MASON CITY | A disabled Garner man is suing Mills Fleet Farm and a manager at its Mason City store after he says he was denied use of an electric wheelchair.
The civil lawsuit, which was filed in Cerro Gordo County District Court last week, claims Shane Zahn, 53, an amputee, had to walk on his hands and knees to reach his vehicle after leaving the store.
Fleet Farm officials said Monday some details in the suit "surprised" them and they are seeking legal counsel for the case.
Zahn, whose right leg is amputated below the knee, along with most of his left foot, used the store's electric wheelchair for shopping in the store, as well as transport to and from his vehicle, the lawsuit says.
The person who was with Zahn or a store employee would bring the wheelchair to the parking lot and back to the store, according to the lawsuit.
In the lawsuit, Zahn said manager Matt Albertson denied him access to use the wheelchair outside of the store.
Zahn posted a Facebook video of himself that day leaving the store on his knees. The video has been viewed more than 13.8 million times, and been shared by more than 153,000 people.
Zahn said he returned the items he purchased that day.
"Just trying to make people aware of how Fleet Farm treats handicapped customers," he said in a post on his Facebook page.
Peter Riley, Zahn's attorney, told the Globe Gazette Monday Zahn and he decided to take legal action because Fleet Farm's decision was discriminatory.
Some social media users pointed out signs are posted outside the store, stating electric wheelchairs cannot be taken outside. However, Riley said Zahn had used the wheelchair in the parking lot before.
"In the past, they had allowed (Zahn) to do that," said Riley, who is based in Cedar Rapids. "And they obviously were not following whatever their posted protocol was."
Frank Steeves, executive vice president for Fleet Farm, said by phone Monday store employees offered Zahn a non-motorized wheelchair to use in the parking lot, but he refused it.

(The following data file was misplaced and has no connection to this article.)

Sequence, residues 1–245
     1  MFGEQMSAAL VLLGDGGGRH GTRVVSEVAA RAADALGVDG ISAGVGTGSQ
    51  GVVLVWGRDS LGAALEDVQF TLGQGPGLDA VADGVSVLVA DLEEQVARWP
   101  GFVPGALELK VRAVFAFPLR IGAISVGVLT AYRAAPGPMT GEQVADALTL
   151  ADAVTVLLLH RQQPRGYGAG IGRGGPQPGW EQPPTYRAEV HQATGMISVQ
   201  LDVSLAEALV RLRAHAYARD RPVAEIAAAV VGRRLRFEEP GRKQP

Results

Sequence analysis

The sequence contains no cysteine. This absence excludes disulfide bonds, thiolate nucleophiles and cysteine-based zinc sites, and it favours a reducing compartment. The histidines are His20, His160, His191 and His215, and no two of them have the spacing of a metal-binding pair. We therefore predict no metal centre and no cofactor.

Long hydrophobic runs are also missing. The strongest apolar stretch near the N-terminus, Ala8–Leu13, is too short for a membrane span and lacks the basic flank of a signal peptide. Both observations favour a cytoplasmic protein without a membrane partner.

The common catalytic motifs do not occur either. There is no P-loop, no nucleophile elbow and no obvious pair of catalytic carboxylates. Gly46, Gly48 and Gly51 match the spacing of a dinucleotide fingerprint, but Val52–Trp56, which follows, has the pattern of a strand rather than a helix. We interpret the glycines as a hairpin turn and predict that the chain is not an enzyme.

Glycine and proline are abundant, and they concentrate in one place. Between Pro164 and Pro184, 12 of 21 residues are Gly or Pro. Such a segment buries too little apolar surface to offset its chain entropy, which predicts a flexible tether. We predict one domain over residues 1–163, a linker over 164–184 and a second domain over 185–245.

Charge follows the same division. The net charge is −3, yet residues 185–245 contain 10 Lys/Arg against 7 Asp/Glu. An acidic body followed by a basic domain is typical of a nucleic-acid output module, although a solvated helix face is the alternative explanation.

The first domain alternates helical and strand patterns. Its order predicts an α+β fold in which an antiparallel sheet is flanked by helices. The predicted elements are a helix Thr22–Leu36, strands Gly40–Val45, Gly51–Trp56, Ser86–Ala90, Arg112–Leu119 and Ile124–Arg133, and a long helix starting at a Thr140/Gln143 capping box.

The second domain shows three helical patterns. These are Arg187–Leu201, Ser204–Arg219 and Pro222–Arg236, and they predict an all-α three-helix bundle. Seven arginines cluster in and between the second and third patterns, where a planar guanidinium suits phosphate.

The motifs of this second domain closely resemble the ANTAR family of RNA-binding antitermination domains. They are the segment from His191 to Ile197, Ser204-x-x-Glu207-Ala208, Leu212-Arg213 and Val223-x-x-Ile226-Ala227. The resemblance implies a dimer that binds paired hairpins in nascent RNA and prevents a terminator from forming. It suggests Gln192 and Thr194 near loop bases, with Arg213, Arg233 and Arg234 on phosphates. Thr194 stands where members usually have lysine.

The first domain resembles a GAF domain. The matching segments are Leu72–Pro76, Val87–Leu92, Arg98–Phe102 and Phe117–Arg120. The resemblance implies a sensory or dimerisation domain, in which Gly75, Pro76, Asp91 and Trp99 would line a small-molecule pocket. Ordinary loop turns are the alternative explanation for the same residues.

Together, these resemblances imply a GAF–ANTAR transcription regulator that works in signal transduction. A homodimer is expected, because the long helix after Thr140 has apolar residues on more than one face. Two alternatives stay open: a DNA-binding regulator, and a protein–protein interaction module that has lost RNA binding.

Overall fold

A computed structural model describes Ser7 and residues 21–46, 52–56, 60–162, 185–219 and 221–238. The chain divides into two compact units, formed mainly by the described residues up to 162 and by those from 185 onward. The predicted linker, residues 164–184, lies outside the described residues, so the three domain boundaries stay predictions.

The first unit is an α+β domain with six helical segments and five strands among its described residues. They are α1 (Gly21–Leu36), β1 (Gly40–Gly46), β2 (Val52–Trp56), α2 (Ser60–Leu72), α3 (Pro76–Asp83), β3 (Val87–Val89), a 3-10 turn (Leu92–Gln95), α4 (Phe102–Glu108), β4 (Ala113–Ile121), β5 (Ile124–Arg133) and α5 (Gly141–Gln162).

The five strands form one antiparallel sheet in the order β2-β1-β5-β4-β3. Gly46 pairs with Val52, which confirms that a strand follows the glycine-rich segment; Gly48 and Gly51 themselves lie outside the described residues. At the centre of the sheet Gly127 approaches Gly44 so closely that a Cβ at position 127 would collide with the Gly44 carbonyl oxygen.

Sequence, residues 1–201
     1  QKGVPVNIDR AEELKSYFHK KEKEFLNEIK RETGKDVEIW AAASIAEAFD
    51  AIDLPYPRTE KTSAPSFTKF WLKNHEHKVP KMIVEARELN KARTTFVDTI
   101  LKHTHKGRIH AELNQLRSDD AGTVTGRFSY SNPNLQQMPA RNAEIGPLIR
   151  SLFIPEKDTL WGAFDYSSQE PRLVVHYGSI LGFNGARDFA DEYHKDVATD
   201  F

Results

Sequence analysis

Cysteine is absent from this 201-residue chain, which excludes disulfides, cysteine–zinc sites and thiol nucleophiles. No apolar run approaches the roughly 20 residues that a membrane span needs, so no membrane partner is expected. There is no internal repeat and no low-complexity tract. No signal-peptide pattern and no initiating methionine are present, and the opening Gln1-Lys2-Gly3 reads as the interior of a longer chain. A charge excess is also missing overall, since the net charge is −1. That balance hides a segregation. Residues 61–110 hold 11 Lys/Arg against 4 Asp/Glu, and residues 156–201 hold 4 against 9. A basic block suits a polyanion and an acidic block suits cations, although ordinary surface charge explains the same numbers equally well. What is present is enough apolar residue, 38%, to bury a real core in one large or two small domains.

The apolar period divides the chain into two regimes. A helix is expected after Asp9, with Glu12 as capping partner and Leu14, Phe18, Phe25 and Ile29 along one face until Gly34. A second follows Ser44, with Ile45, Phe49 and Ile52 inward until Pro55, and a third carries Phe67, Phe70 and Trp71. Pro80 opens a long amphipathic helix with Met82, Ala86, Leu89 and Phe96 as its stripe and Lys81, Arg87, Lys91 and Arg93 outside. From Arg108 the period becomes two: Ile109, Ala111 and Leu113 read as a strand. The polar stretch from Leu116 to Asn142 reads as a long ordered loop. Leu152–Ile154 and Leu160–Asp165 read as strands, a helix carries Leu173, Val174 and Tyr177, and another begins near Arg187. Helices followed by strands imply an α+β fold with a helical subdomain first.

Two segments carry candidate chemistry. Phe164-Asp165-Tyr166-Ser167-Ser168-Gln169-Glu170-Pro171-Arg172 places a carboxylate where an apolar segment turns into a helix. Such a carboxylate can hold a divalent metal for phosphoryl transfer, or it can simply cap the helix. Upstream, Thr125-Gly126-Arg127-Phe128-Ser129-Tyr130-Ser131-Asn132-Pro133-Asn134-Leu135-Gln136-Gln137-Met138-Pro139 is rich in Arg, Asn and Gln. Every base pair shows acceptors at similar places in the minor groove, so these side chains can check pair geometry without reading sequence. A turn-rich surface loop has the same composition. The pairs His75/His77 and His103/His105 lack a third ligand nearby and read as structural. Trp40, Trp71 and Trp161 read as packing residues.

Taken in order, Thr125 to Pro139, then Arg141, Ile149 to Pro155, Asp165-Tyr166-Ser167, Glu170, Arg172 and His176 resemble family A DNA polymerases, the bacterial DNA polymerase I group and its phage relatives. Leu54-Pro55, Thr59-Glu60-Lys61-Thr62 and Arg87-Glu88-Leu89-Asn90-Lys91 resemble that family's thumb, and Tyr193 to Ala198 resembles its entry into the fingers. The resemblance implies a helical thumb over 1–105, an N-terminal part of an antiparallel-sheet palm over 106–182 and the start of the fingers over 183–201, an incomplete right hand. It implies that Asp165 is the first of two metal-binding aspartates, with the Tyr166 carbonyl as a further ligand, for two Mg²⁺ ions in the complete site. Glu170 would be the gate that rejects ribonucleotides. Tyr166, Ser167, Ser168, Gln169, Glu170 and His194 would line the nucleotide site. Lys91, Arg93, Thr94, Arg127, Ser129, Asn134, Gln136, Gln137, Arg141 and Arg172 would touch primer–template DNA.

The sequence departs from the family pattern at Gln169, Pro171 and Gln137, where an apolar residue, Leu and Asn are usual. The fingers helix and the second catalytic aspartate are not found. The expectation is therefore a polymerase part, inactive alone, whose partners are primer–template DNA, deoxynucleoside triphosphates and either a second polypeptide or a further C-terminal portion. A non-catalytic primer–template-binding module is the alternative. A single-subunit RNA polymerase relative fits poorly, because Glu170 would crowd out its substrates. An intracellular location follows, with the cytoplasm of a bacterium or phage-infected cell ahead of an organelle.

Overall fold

Steeves said the policy of prohibiting the electric wheelchairs from outside use is for customers' safety. He added he and Mason City store employees were unaware of Zahn using the electric wheelchair in the parking lot.
"I was surprised to read that he had been taking it out of the store regularly," Steeves said. "I would bet our store employees would be surprised to read that, too."
He added that Fleet Farm is currently in the process of searching and hiring a law firm for the case.
Mills Fleet Farm CEO Wayne Sales issued an apology to Zahn in a public statement in April.
"While use of carts in the parking lot with the uneven terrain can pose a hazard, we feel that in this instance our team member made the wrong decision," Sales said in the statement. "We apologize to the customer and to everyone who may be affected."
Sales said the company "did not live up to the values or the service our customers have come to expect from us."
"We should have gone the extra mile and helped the customer use the cart to return to his vehicle after shopping," he said, noting the company wanted to "make things right" for Zahn.
Riley said Zahn's reason for suing Fleet Farm is more than just a money grab.
"He felt that this is something where they really need to rectify what their procedures are," he said. "He’s interested in what they say they will do going go forward to alleviate these issues."
Zahn is seeking a jury trial for the "amount sufficient to compensate him for his injuries," the lawsuit states. The amount of money Zahn is seeking hasn't been disclosed.